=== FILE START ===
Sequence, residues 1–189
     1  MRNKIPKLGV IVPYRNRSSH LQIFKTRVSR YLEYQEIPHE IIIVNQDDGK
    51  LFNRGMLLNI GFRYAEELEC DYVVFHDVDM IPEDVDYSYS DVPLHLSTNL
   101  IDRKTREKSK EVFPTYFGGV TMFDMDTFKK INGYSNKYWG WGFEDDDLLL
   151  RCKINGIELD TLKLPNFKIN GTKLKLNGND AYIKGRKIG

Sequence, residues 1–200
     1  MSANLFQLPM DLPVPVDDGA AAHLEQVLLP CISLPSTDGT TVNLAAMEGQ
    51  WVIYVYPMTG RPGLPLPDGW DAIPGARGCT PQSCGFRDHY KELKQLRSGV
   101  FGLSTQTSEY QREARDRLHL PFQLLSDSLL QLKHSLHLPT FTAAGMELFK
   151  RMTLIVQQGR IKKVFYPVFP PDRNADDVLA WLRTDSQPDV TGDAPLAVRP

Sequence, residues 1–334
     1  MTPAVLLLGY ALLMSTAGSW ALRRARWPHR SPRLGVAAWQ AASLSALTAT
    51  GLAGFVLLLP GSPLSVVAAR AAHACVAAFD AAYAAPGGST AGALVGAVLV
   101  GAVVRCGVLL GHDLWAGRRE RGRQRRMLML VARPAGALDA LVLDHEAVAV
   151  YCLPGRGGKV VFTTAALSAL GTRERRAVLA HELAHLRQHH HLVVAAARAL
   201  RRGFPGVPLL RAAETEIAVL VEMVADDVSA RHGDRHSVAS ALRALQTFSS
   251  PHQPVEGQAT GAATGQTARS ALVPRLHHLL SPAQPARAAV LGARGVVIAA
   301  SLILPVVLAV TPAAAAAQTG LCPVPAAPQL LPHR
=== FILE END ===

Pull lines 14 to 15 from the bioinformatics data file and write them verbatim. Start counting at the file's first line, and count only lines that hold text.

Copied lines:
   101  GAVVRCGVLL GHDLWAGRRE RGRQRRMLML VARPAGALDA LVLDHEAVAV
   151  YCLPGRGGKV VFTTAALSAL GTRERRAVLA HELAHLRQHH HLVVAAARAL